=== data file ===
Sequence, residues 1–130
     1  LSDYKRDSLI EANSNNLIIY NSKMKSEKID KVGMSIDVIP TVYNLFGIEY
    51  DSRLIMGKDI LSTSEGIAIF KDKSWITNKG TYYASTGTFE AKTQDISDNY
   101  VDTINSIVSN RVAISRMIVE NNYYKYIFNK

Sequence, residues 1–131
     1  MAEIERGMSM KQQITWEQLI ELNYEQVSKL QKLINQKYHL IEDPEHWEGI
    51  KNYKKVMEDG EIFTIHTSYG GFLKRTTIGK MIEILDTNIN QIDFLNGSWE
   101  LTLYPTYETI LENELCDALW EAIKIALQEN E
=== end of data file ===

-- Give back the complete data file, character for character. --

Sequence, residues 1–130
     1  LSDYKRDSLI EANSNNLIIY NSKMKSEKID KVGMSIDVIP TVYNLFGIEY
    51  DSRLIMGKDI LSTSEGIAIF KDKSWITNKG TYYASTGTFE AKTQDISDNY
   101  VDTINSIVSN RVAISRMIVE NNYYKYIFNK

Sequence, residues 1–131
     1  MAEIERGMSM KQQITWEQLI ELNYEQVSKL QKLINQKYHL IEDPEHWEGI
    51  KNYKKVMEDG EIFTIHTSYG GFLKRTTIGK MIEILDTNIN QIDFLNGSWE
   101  LTLYPTYETI LENELCDALW EAIKIALQEN E